Virtual objects and control tools are located on a real 'workbench' (fig. 1). The objects, displayed as computer-generated stereo-images are projected onto the surface of the workbench. This setting corresponds to the actual work situation m an architect's office, in surgery environments, etc.
A guide uses the virtual working environment while several observers can watch events through stereo shutter glasses (fig. 2). The participants operate within a non-immersive virtual environment. Depending on the application, various input and output modules can be integrated, such as motion, gesture and voice recognitions systems, which characterize the general trend away from the classical human-machine interface. Several guides can work together in similar environments either locally or by using broadband communication networks. A responsive environment, consisting of powerful graphic workstations, tracking systems, cameras, projector, and microphones, replaces the traditional multimedia desktop workstation.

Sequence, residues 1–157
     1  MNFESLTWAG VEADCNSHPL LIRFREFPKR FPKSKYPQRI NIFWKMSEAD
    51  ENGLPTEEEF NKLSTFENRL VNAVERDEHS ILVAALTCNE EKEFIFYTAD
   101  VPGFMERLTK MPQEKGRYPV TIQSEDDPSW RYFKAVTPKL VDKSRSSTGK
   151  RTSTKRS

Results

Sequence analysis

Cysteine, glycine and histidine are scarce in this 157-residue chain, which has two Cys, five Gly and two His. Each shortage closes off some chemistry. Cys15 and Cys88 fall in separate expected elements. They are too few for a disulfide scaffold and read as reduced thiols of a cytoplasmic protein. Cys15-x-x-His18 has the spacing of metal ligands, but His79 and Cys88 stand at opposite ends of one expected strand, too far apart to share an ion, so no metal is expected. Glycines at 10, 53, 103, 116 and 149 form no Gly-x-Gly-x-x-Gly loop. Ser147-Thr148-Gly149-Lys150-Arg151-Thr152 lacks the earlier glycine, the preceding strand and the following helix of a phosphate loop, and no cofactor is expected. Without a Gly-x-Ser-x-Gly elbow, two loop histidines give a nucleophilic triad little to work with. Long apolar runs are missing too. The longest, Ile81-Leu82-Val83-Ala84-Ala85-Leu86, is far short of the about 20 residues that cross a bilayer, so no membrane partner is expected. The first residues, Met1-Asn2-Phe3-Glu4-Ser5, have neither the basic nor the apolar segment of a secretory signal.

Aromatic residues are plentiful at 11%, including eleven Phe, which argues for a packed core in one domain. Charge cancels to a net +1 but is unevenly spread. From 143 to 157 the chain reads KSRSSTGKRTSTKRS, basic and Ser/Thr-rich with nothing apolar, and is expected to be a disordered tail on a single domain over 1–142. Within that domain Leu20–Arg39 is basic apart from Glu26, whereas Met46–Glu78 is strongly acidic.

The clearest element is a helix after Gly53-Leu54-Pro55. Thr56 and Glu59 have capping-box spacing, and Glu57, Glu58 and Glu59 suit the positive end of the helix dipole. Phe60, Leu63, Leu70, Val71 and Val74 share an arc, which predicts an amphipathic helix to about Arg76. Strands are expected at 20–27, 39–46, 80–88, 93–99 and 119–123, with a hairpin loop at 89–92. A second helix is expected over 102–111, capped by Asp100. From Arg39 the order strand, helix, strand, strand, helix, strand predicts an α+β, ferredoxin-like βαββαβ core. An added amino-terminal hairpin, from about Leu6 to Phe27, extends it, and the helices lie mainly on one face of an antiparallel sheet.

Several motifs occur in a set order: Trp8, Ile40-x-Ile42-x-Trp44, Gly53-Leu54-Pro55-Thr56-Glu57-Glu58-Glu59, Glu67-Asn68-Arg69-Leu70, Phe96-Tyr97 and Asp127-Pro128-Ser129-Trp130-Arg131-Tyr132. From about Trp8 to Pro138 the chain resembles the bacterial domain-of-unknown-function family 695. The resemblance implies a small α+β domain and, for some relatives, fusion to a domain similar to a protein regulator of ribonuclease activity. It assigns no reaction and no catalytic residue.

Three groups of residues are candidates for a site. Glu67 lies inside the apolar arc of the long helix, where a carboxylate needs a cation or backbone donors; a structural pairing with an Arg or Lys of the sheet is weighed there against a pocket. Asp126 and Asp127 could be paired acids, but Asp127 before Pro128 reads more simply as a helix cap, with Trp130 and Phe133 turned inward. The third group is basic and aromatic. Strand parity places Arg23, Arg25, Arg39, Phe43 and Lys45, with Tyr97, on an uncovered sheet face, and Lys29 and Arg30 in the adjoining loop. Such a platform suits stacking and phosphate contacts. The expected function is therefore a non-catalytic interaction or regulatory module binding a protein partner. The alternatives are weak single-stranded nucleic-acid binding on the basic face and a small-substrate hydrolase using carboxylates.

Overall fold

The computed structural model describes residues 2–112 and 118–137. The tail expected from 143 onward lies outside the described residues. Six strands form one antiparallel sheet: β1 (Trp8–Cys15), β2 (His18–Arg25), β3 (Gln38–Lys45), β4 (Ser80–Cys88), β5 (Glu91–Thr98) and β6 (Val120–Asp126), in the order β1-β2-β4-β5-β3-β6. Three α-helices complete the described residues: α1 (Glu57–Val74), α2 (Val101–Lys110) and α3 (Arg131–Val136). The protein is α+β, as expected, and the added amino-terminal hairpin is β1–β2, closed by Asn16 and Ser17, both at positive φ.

Two scenarios have been realized so far: design and discussion process in architecture, landscape and environment planning, and surgery planning and non-sequential medical training. (Wolfgang Krüger)